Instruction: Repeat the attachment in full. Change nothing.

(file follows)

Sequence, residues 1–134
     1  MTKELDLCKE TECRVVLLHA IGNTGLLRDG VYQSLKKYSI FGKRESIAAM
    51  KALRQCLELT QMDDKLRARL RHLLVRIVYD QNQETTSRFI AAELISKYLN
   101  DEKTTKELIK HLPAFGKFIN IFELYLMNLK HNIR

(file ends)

Sequence, residues 1–134
     1  MTKELDLCKE TECRVVLLHA IGNTGLLRDG VYQSLKKYSI FGKRESIAAM
    51  KALRQCLELT QMDDKLRARL RHLLVRIVYD QNQETTSRFI AAELISKYLN
   101  DEKTTKELIK HLPAFGKFIN IFELYLMNLK HNIR